3.5 Visual language
Amadeus on screen is a very colourful costume drama displaying elaborate, rich costumes and wigs. They are, in fact, so elaborate and exaggerated that Gilbert Adair calls the film "a cartoon of the eighteenth century" (Adair, 143). The Rococo setting requires wide hooped skirts, tight corsets exposing much of the voluptuous breasts, high and powdered wigs, and fanciful hats with feathers and veils. In addition, in Amadeus there are whole crowds of extras, for example the audience in the opera house, people in the streets, and dancers at balls. In some scenes, the result is an impressive sea of wigs, silk and lace, frills and feathers. Nevertheless, the individual costuming and make-up of the actors are also very carefully designed, and consequently Amadeus won the Academy Award in the Best Makeup and Best Costume Design categories.
The most remarkable achievement in this field is the make-up and clothing that transformed the forty-year-old Salieri into a doddery, wrinkled, toothless old man. F. Murray Abraham's excellent acting completes the illusion: his gaping mouth and wrinkled brow, along with the yellow skin and white strands of greasy hair, make him appear like a living mummy. Similarly, Mozart's make-up throughout the film transfigures him from a radiant, rosy-cheeked youth into a pale and ill drunkard. This change applies also to his overall appearance. In the beginning of the film, Mozart is a dedicated dandy, which is most apparent in the scene at the wigmaker's shop where he cannot decide which of the three wigs to buy:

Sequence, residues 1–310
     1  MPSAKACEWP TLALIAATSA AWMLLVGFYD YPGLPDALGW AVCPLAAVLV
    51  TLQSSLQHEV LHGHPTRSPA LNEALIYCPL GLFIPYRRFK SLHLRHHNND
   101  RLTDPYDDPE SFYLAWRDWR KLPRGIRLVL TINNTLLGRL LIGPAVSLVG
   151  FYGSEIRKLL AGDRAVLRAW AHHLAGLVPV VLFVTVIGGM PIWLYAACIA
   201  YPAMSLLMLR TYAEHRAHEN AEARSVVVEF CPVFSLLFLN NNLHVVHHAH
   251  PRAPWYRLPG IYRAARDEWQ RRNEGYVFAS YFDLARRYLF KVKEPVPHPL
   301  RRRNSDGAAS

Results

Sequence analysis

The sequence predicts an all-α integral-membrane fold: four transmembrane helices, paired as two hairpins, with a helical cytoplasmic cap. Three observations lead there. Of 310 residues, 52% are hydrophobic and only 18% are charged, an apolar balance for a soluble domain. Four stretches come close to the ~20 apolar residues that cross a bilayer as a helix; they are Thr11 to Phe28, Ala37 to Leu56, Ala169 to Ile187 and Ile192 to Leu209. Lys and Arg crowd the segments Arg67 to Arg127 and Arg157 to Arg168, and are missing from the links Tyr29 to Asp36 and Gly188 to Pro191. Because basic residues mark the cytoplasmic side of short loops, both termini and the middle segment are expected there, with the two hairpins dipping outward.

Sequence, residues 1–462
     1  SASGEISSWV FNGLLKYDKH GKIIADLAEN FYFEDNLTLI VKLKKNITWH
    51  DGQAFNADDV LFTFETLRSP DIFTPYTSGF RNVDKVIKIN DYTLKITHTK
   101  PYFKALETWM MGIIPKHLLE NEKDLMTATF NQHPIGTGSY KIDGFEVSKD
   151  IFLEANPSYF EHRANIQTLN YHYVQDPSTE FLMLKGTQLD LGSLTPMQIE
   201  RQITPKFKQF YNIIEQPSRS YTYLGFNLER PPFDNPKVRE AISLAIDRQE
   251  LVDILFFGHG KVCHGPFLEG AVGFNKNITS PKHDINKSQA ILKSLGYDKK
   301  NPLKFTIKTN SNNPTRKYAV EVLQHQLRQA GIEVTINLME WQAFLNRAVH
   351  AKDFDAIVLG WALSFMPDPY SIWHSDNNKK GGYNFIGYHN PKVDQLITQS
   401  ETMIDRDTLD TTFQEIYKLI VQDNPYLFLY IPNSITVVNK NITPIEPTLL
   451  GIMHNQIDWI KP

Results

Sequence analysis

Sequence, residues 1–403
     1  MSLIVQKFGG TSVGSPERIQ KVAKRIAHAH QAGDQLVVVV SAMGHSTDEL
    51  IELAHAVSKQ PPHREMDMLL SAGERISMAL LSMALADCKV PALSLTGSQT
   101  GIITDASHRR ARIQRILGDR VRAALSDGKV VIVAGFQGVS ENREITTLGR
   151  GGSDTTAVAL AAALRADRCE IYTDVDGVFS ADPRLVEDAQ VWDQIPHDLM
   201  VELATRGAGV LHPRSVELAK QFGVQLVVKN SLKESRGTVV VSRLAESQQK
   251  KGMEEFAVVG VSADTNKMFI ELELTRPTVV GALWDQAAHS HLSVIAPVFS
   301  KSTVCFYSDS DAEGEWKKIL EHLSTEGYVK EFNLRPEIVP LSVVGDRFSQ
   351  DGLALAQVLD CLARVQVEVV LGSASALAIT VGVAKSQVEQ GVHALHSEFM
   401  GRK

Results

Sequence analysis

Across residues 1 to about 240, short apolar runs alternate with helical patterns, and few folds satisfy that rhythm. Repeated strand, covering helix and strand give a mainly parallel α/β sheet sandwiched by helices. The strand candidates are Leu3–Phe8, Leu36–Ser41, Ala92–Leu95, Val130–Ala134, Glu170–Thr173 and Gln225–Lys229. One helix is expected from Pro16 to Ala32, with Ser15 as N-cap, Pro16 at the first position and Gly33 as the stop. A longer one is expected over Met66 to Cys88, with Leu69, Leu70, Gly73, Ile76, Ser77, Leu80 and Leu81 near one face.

They're all so beautiful! Why don't I have three heads? (Film)
Finally, he buys all three wigs. He is always neatly and stylishly dressed. Towards the end of the film, though, his appearance becomes increasingly dishevelled and we see him more often at home, without a wig and carelessly dressed. Shortly before Constanze leaves him, he even sneaks out to a drinking party in a nightdress. On the night of his death, his skin looks ashen and his lips are chapped. These make-up effects help the spectator to follow the development of Mozart's illness and to witness his physical exhaustion. Constanze, on the other hand, remains fresh and glowing even in times of poverty, and thus she does not seem to participate in her husband's hardships.
One of the most prominent elements of the Amadeus costumes is the wig, which Adair calls "the bubble bath periwig [...] pink, punk and high as an elephant's eye" (Adair, 143). The wigs are indeed extravagant, varying from white, over pastel tones of blue, yellow, and pink, to sinister black. They are often changed according to mood and situation, and equally often treacherously disarranged, as for example Mozart's wig after his obscene play with Constanze on the palace floor. On the whole, the rich and lavish costumes serve to illustrate the hedonistic way of life of the Viennese upper class. They are also used extensively in Mozart's operas, for example in the exotic Abduction from the Seraglio or the fantastic Magic Flute. All of the operas shown in Amadeus display the characteristic, modern choreography of Twyla Tharp, who had already worked with Milos Forman in Hair.